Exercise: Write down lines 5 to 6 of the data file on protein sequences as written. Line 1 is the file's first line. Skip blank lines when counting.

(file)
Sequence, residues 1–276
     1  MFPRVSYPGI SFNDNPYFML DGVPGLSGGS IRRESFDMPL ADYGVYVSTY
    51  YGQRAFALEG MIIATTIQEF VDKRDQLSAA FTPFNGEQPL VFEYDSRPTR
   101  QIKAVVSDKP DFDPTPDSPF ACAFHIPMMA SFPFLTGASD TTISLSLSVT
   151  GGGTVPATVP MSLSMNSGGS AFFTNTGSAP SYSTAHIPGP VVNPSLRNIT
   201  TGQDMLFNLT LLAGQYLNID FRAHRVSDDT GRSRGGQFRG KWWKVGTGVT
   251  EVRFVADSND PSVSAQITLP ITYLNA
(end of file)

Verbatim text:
   151  GGGTVPATVP MSLSMNSGGS AFFTNTGSAP SYSTAHIPGP VVNPSLRNIT
   201  TGQDMLFNLT LLAGQYLNID FRAHRVSDDT GRSRGGQFRG KWWKVGTGVT